Comments Subscribe to Personal Liberty News Feed Subscribe to Personal Liberty
 

How “Chinese” Organs Are Different

June 1, 2010 by  

How “Chinese” Organs Are Different

Back in the 1970s my father, who is a retired osteopathic physician, took acupuncture classes at Tai Sophia University—the oldest school of traditional Chinese medicine (TCM) in the United States. It was books on acupuncture on his shelves that I saw as a child that inspired me to study this esoteric medicine.

When I asked him why he did not pursue studies in this field he told me that he couldn’t “reconcile the opposing theories of the body (when compared with allopathic medicine) that TCM espoused.” Indeed, the majority of people brought up in the West cannot, either.

To this day I find it interesting when I describe TCM and its patterns of disharmony to people. Most people give me blank stares or uncertain nods. My patients try to understand what I am describing to them, and often have to ask a series of questions until they are able to grasp the general concepts of health I am attempting to get across. Yet these theories are thousands of years old and are continually applied to billions of people in Asia. And the Asian culture is not suffering for it…

Several of my patients are physicians, psychologists or chemists and their doubting stares are plentiful. I know ahead of time that when we get to the lecture part of their consultation I will have to work hard at convincing them of TCM’s concepts of the body. And I do. In some of my articles I also get feedback from readers who cannot fathom what I am sharing, thinking I am ignorant of basic anatomy and physiology. Quite the opposite is true.

The issue is that TCM does not hold the exact same views of the organs and their functions as Western medicine does. This is where the confusion arises in those whose understanding of the body is grounded in Western ideas of biology, anatomy and physiology. Can there really be a different view of the organs even though science has proven them to be a certain way? Indeed there can, when a broader view of the body is taken.

You see, when TCM developed in ancient China, no autopsies were carried out for fear of disrespecting the deceased ancestors. So what is known about each organ was discovered through thousands of years of clinical observation. As a result, the functions of one specific organ in TCM may include the functions of several organs in terms of Western medicine. And the functions of one specific organ in Western medicine may be contained in the functions of several organs in TCM. It’s a matter of terminology, since names like “kidney” and “spleen” were not used when TCM was developed, yet are now imposed on its ideas to help people understand and reconcile TCM and allopathic theories of wellness.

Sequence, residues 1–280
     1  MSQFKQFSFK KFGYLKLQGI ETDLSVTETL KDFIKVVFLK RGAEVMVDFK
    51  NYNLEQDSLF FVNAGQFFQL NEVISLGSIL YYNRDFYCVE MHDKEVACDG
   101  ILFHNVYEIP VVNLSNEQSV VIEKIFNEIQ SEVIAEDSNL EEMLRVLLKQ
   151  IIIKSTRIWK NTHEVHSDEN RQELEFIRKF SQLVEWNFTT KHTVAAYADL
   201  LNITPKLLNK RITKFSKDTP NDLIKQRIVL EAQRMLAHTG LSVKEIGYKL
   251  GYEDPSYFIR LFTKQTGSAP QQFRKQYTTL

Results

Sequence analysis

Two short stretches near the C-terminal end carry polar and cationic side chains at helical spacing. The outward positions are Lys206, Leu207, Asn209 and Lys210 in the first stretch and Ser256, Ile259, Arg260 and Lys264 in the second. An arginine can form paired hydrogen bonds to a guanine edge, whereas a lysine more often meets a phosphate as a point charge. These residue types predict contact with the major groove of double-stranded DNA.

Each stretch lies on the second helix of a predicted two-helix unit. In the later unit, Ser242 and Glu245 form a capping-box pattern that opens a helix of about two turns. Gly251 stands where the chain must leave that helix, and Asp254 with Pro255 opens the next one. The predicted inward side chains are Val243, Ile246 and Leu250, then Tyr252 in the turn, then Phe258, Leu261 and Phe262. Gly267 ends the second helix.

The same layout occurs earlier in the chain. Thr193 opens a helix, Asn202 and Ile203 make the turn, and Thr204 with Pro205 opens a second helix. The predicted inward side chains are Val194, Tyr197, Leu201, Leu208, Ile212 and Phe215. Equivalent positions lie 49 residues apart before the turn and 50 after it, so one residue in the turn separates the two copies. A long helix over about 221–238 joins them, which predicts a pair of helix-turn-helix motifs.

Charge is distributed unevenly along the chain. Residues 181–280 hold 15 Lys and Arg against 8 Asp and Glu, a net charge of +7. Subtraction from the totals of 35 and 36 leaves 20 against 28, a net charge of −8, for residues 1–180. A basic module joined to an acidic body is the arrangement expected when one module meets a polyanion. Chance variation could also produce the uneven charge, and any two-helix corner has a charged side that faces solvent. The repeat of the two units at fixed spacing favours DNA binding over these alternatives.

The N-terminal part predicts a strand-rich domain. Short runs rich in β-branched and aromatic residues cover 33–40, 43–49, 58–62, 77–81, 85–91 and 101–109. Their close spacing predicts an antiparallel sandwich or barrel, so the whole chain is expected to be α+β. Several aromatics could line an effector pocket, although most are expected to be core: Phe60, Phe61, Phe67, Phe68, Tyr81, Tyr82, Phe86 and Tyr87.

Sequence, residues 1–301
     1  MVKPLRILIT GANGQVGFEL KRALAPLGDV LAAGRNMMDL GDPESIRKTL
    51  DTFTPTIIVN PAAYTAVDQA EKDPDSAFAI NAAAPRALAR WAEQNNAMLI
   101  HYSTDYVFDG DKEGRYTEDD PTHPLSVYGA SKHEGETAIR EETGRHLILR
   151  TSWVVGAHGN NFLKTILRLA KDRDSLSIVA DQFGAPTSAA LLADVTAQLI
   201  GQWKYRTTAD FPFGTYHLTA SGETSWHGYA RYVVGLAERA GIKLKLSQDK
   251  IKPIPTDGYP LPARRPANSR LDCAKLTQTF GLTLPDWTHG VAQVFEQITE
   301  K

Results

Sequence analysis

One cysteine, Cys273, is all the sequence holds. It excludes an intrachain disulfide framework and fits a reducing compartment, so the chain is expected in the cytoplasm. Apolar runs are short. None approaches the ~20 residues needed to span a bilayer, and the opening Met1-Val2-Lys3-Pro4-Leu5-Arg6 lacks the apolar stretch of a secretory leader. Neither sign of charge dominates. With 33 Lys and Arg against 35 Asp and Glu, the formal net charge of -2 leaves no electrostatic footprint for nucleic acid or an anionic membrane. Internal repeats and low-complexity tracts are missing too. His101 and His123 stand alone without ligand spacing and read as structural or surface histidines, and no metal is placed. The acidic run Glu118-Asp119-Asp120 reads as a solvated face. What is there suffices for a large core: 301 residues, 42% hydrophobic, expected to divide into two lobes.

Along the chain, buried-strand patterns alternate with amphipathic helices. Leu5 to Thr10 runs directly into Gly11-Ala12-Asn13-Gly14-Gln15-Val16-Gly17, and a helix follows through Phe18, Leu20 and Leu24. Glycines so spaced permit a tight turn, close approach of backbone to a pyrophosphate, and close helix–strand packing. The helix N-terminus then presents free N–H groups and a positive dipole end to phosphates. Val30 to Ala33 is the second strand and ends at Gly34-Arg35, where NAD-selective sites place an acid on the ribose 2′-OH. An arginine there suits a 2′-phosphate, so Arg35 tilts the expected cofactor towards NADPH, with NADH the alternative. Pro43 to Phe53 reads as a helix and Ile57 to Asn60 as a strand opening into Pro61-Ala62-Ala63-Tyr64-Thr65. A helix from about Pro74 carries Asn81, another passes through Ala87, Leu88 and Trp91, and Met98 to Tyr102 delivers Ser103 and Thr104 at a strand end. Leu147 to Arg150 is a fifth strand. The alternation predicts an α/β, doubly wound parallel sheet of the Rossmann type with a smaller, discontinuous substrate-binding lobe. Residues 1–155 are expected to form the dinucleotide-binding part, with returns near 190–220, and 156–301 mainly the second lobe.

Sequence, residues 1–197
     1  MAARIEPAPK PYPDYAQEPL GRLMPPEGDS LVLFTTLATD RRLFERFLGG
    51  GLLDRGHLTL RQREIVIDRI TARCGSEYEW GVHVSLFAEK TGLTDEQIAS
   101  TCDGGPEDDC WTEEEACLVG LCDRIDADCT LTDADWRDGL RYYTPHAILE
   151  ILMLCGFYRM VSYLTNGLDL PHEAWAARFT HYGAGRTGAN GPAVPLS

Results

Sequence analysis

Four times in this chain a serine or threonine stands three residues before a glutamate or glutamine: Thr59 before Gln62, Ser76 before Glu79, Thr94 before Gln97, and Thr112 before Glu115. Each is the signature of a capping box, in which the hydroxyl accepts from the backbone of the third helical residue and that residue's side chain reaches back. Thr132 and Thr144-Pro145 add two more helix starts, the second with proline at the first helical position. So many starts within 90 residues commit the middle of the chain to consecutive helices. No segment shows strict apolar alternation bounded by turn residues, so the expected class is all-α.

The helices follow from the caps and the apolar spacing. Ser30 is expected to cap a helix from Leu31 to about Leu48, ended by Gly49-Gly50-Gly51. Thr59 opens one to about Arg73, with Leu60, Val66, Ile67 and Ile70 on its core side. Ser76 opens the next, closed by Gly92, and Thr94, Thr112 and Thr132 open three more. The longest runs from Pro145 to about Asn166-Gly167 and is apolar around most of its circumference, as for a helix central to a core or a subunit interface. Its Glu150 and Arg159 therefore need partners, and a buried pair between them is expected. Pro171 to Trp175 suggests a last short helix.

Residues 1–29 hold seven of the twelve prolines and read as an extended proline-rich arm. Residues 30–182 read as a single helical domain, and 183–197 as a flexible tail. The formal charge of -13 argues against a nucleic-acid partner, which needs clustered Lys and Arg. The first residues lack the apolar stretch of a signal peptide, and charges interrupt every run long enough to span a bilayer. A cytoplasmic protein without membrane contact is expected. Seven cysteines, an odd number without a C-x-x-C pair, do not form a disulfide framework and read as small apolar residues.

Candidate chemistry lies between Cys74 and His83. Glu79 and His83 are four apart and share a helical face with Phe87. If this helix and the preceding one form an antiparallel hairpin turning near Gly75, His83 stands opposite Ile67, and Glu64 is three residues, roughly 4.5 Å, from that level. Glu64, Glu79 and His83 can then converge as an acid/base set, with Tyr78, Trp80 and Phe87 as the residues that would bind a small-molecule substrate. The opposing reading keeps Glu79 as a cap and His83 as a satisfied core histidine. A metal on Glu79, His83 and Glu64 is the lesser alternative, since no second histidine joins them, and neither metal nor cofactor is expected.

In a nutshell, organs are not only viewed as individual units in TCM, but also as concepts of physiology and pathology. This can all be explained through the concepts of zang-fu organ pairing, the meridian complex, the diurnal flow of qi (energy) and the five element theory. Let’s look at each briefly.

Zang-Fu Organ Pairing
TCM divides the internal organs into zang (nurturing, yin) and fu (transporting, yang) groups. The five Zang organs include the heart, liver, spleen, lungs and kidneys. Preserving vital substances is their common characteristic.

The six fu organs consist of the gallbladder, stomach, large intestine, small intestine, urinary bladder and so-called ‘triple energizer’ (the combined thoracic, abdominal and pelvic cavities). Transmitting and digesting water and food is their shared characteristic.

The theory of zang-fu organs is concerned with both the physiological functions and the pathological changes of the organs, as well as the interrelationships between them. And these functions and relationships are rooted in the pairing of the zang-fu into the following yin/yang groups: lung and large intestines, stomach and spleen, heart and small intestines, urinary bladder and kidneys, pericardium and triple energizer and gallbladder and liver.

Thus, problems with one organ may affect its partner. A simplified example is when someone has fear or anxiety about public speaking and experiences shallow breathing. Soon they also experience intestinal cramps. In Western terms we say these two things are a result of stress. While stress may be the cause, the relationship between the lungs and large intestines is exemplified.

The Meridian Complex
The meridian energy channels are the pathways in human body through which qi (vital energy) and blood circulate. They form a specific network that communicates with the internal organs and the limbs and connects the upper body to the lower body and the exterior to the interior portions of the body.

Since the meridians are distributed over the entire body, they are what link the zang-fu organs, the orifices, the skin, the muscles and the bones. That is, they bring the body into an organic whole that allows it to carry on and coordinate its systematic activities.

Each organ has a specific meridian that stems from it and connects it with its paired organ and to various parts of the body. This explains why the heart is seen to not only pump blood but also to affect mental functions (the heart meridian goes into the brain).

The Diurnal Flow of Qi
Qi is the vital energy of the body and each organ produces Qi that affects certain activities in the body. This energy moves through the body via the meridian complex. And the energy in each organ meridian is said to be at “high tide” for a two-hour period in a 24 hour cycle, before moving into the meridian of its paired organ.

The lung meridian is most active from 3 a.m. to 5 a.m. The large intestines (its paired organ) are most active from 5 a.m. to 7 a.m., and so on. This explains why people with certain respiratory diseases tend to awaken and wheeze or cough between the hours of 3 a.m. and 5 a.m.

Most of my patients who wake up with headaches between those hours find that it is due to oxygen deprivation caused either by sinus congestion or from sleeping with their nose buried in their pillows. In other words the headaches are caused by oxygen deprivation when the lungs most need oxygen while at high tide.

The Five Element Theory
The theory of the five elements holds that the world is made up of five basic substances: wood, fire, earth, metal and water. All things and phenomena in nature—as well as in the organs, tissues, physiology and pathology of the human body—can be classified into one of the five elements.